Welcome to the Gordon Lab website. We specialize in the deposition of thin films using both chemical vapor deposition (CVD) and alternating layer deposition (ALD). For more information, explore the links above.
For many, thinking about the world’s environmental future brings concern, even outright alarm. There have been, after all, decades of increasingly strident warnings by experts and growing, ever-more-obvious signs of the Earth’s shifting climate. Couple this with a perception that past actions to address the problem have been tantamount to baby steps made by a generation of leaders who are still arguing about what to do, and even whether there really is a problem.... Read more about Harvard students share thoughts on environmental challenges
Roy Gordon can no longer leave Harvard University. Though he will choose to retire and depart at some point in the future, when he does, his name will remain: On July 2, 2020, the Faculty of Arts and Science’s Dean of Science Chris Stubbs announced the establishment of a new endowed professorship, gifted in honor of Gordon: The Roy Gerald Gordon Professorship in Chemistry.... Read more about A treasured colleague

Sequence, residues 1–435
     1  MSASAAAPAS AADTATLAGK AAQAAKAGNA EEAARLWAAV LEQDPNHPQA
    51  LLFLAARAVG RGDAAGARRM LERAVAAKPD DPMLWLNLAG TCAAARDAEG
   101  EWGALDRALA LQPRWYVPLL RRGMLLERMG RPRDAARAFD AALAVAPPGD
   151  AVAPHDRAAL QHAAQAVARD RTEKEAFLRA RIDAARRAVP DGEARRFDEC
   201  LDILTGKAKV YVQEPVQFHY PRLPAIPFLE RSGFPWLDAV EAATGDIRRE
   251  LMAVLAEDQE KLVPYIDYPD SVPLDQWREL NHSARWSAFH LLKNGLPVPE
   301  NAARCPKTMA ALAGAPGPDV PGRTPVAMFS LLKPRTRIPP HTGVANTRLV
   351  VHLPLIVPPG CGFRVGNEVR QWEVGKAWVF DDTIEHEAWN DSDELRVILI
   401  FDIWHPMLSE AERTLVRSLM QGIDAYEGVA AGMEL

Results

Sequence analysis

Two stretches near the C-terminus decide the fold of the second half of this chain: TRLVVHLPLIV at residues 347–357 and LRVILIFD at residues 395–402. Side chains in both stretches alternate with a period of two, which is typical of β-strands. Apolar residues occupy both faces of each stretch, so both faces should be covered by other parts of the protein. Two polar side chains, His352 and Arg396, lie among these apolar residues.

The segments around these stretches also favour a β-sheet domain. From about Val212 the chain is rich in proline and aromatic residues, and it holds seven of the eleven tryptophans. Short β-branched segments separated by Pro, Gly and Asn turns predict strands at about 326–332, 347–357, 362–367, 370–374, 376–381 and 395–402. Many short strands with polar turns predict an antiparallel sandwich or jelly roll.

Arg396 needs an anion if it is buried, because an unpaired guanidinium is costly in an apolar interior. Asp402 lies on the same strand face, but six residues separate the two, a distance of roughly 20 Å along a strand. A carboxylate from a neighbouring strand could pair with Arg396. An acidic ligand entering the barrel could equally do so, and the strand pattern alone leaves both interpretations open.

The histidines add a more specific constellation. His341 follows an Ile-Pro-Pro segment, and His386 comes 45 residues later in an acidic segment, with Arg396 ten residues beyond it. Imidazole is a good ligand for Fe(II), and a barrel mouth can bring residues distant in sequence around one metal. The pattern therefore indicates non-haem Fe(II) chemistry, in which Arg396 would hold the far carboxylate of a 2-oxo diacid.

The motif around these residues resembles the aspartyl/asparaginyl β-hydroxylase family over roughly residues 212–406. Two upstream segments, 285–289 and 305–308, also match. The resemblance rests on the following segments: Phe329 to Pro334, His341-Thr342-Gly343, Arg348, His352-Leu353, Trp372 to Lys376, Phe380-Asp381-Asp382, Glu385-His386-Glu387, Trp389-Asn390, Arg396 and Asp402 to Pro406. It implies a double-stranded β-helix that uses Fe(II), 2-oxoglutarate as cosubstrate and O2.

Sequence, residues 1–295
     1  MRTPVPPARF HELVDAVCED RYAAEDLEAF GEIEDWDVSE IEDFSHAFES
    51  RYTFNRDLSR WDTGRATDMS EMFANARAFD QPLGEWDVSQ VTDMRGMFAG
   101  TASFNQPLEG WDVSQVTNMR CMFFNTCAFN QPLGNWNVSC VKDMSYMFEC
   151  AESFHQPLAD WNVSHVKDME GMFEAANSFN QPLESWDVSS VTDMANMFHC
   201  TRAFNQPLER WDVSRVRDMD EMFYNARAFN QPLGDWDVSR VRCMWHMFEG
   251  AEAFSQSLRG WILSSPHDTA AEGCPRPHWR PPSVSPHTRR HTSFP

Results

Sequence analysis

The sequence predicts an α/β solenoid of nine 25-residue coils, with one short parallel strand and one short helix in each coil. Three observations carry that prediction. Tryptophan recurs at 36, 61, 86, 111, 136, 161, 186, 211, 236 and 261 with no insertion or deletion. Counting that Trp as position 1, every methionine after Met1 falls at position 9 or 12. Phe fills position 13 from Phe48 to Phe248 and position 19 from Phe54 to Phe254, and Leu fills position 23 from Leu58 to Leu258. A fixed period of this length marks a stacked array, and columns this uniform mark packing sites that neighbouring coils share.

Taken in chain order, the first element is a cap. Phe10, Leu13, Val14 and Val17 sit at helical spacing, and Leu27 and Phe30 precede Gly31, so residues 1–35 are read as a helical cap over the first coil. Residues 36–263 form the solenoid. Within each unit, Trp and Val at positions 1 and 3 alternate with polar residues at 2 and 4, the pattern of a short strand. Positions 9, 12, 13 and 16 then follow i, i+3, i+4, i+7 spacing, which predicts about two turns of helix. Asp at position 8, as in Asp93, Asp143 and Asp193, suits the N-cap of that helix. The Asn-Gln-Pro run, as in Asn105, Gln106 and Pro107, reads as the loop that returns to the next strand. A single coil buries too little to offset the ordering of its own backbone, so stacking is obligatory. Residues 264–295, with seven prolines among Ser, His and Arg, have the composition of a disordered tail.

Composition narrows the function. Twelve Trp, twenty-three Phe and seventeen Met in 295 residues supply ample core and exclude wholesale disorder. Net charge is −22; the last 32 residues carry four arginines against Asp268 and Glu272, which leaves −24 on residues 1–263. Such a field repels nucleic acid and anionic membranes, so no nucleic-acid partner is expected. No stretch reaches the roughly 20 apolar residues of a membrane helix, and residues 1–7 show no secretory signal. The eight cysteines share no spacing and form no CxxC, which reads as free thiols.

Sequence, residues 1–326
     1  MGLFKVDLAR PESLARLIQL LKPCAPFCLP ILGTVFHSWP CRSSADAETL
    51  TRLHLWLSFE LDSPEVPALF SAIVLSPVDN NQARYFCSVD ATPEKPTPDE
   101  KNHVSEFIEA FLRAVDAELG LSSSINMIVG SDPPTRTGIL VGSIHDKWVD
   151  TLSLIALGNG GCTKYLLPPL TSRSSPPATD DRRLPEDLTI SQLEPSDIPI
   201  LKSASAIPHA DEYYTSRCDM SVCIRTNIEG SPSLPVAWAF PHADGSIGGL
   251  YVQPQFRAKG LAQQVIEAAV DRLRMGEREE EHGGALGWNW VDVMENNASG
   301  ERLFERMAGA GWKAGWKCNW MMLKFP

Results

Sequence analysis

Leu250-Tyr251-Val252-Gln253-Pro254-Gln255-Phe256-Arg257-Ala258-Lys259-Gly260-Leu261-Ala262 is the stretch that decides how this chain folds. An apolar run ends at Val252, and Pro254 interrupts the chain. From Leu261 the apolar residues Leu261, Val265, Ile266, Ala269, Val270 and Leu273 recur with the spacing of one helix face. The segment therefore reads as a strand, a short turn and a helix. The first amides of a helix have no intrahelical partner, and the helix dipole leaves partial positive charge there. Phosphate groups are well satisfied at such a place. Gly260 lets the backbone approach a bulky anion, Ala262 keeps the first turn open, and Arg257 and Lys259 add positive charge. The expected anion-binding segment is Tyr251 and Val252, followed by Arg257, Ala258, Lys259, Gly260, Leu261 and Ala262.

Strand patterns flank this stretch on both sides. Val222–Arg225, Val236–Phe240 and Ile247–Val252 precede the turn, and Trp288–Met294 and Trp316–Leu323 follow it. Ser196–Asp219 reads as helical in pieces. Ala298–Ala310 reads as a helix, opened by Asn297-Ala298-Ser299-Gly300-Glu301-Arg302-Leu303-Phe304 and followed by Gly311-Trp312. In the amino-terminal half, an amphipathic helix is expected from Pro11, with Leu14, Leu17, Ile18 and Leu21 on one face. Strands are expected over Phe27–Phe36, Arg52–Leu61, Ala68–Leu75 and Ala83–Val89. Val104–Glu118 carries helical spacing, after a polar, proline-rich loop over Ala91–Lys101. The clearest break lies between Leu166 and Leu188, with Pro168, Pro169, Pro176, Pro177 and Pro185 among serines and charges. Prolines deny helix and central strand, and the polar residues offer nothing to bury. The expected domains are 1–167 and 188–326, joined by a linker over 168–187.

As a kid, Christina Chang was already a mini-sustainability activist. She recycled and reused. She turned lights off in empty rooms. She screened “Captain Planet and the Planeteers” at her school on Earth Day. And, for two years in high school, she showered sustainability-style, turning the water on just long enough to get wet, then lather up, and rinse off under a quick burst of cold water.
Collaborators designed a new way to store massive amounts of energy.
On Thursday, October 10, Roy Gordon and Michael Aziz received a 2019 Eni Award for Innovation in Energy during a ceremony held at the Palazzo del Quirinale in Italy. Every year since 2007, Eni, a transnational energy company operating in 67 countries around the world, awards three major prizes for research in the energy and environment sectors.... Read more about Gordon and Aziz accept the 2019 Eni Award
To sustain human civilization in the future, clean energy sources must be harnessed to replace the fossil fuels that are now polluting our atmosphere. Solar and wind energy can supply all the necessary energy. However, storage will be needed when the sun is not shining and the wind is not blowing.
After years of making progress on an organic aqueous flow battery, Harvard University researchers ran into a problem: the organic anthraquinone molecules that powered their ground-breaking battery were slowly decomposing over time, reducing the long-term usefulness of the battery.